Don’t Focus on the Mountain – A Quote
There are two main principles I’ve picked up over the years as they pertain to cultivating the type of faith that moves mountains. The first is this: Faith comes by looking at God, not at the mountain.
Some years ago a member of our church’s vocal team and I were invited by a Christian leader to go to southern India. There we would join a ministry team of people from various parts of the United States. We were told that God would use us to reach Muslims and Hindus and nonreligious people for Christ, and although we had no idea what to expect, we all felt called by God to go and consequently jumped at the opportunity.
When we arrived, the Indian leader met us and invited us to his home. Over the next few days, he explained that his father, a dynamic leader and speaker, had started the mission in a Hindu-dominated area. One day a Hindu leader came to his father and asked for prayer. Eager to pray with him, and hoping he would lead him to Christ, he took his Hindu guest into a private room, knelt down with him, closed his eyes and began to pray. While he was praying, the Hindu man reached into his robe, pulled out a knife and stabbed the man repeatedly.
My new friend, hearing his father’s screams, rushed inside to help him. He held him in his arms as blood poured onto the floor of the hut. Three days later his father died. On his deathbed the father said to his son, “Please tell that man that he is forgiven. Care for your mother, son, and carry on this ministry. Do whatever it takes to point people toward faith in Christ.”
With more courage and faith than most people could dream of mustering, this man complied with his father’s wishes. For over twenty years, he has been working with unwavering passion and intensity, starting more than one hundred churches and a medical clinic, along with many other kinds of ministries.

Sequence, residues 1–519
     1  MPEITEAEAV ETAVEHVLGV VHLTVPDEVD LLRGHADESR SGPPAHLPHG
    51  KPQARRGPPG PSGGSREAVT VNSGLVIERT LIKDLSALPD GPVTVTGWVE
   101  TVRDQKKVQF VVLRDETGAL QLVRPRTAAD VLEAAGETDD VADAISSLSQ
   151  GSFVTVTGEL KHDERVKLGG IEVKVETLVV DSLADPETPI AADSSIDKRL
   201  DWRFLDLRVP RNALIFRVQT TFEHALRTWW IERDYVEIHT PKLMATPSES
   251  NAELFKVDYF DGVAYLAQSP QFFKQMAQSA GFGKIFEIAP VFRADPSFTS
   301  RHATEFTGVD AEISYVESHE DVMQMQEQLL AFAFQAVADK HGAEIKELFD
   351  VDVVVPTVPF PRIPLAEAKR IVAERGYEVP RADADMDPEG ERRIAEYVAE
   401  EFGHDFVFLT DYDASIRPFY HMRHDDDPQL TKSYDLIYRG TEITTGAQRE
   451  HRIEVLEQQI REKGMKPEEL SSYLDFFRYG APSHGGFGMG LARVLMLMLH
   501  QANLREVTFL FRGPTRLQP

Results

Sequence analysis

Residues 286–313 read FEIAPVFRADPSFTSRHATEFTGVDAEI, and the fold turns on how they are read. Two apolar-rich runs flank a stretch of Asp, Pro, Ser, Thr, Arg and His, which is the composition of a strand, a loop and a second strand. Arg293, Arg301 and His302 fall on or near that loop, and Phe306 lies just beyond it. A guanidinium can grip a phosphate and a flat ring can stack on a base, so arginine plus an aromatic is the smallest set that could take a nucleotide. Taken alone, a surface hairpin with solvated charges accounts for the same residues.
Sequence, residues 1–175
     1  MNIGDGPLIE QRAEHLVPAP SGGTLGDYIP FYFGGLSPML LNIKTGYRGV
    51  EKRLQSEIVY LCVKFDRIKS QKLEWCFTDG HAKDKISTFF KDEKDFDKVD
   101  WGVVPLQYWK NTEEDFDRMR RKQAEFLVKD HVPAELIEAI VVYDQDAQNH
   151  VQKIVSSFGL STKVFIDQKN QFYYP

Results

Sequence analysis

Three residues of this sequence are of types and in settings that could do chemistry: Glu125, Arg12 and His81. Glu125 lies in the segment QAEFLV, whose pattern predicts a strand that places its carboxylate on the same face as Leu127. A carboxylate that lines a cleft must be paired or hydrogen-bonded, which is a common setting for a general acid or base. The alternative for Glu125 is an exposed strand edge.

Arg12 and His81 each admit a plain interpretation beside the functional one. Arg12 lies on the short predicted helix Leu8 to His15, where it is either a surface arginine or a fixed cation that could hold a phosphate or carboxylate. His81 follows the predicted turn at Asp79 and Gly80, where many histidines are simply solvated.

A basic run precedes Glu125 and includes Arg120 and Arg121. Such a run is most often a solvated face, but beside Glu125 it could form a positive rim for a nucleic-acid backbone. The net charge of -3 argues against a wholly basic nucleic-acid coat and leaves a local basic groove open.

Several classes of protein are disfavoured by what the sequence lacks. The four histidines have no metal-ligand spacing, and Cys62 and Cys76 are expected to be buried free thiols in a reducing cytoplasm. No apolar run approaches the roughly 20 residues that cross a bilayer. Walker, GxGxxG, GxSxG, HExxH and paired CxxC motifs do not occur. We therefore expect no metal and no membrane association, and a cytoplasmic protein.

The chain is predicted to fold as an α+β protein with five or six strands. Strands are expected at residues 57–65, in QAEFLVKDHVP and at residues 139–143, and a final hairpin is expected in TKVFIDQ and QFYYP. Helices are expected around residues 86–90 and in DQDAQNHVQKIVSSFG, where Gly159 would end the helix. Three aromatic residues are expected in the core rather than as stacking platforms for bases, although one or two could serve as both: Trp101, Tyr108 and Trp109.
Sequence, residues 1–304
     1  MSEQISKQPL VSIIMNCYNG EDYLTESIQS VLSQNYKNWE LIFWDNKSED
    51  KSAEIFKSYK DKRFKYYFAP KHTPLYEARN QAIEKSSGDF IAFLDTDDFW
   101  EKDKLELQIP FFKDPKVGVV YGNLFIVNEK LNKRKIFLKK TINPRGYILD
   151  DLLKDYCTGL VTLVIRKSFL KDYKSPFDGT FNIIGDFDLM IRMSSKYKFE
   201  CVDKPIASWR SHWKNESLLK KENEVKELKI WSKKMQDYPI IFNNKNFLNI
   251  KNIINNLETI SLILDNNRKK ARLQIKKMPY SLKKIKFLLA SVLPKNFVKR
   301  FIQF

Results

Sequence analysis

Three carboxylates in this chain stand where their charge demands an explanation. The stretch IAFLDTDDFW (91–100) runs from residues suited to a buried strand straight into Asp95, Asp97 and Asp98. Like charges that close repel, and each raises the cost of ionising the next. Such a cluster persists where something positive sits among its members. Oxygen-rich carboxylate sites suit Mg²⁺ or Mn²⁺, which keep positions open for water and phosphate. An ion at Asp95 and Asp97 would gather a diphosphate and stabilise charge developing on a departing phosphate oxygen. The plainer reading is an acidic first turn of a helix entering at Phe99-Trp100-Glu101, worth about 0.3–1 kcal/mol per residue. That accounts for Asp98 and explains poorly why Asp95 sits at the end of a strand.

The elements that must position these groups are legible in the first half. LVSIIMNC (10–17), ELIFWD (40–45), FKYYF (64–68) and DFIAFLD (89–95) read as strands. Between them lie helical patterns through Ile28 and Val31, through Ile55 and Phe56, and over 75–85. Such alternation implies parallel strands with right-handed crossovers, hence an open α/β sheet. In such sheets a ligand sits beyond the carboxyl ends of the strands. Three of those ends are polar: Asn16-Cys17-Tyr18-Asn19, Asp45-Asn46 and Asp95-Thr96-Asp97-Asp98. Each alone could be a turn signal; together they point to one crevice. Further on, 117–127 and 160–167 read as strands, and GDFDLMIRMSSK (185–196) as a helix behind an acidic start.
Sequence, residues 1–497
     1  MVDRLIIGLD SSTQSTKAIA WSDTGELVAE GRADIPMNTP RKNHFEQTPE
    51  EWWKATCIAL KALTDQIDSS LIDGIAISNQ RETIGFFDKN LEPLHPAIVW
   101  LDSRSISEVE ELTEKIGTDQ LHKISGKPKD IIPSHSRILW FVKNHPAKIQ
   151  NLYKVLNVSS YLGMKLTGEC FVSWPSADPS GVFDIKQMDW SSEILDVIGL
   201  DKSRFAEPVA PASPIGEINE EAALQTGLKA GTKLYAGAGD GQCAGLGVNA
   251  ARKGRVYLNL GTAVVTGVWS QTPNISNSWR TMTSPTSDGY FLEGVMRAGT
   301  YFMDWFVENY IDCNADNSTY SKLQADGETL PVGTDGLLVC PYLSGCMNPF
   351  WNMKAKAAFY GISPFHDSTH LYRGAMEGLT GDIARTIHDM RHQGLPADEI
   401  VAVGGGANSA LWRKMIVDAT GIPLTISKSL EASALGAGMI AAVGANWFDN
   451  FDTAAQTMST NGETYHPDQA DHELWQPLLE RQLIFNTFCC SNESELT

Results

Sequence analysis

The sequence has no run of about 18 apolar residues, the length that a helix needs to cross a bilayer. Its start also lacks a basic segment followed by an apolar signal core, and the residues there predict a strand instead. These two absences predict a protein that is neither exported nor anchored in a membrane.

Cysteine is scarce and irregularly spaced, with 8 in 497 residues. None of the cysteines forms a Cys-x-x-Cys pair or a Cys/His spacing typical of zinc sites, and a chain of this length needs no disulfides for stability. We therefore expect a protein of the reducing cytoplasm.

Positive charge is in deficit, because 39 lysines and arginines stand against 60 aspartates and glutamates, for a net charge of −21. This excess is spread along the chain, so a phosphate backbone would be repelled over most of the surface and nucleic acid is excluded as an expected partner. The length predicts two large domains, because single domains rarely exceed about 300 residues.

Every spring he rents a huge park, sets up a stage and a makeshift sound system, puts together some lights with bare wire and holds evangelistic meetings for a week. He advertises with posters and through loudspeaker announcements all around town, and as a result people come by the thousands and sit on the ground in front of the stage, men on one side and women and children on the other.
The evening meetings start at six o’clock. For about half an hour, they listen to recorded instrumental music, followed by a couple of special musical numbers. Then comes the warm-up sermon. Instructional, practical and relevant to everyday life, its simple objective is to show the listeners that Christianity makes sense.
At eight o’clock there are two more musical numbers, followed by the main message. It is always centered on the person of Jesus Christ – who he was, what he did, how he died, how his death pays the price for sin and how his resurrection gives power to people who put their trust in him.
From nine until nine-thirty, listeners – whether Hindu, Muslim or nonreligious – are invited to put their faith in Christ. They are asked to come forward to receive forgiveness, cleansing and eternal life and then are challenged to abandon whatever other god or religious system they brought with them to the meeting and to put their faith solely in Jesus.
–Bill Hybels, from Too Busy Not to Pray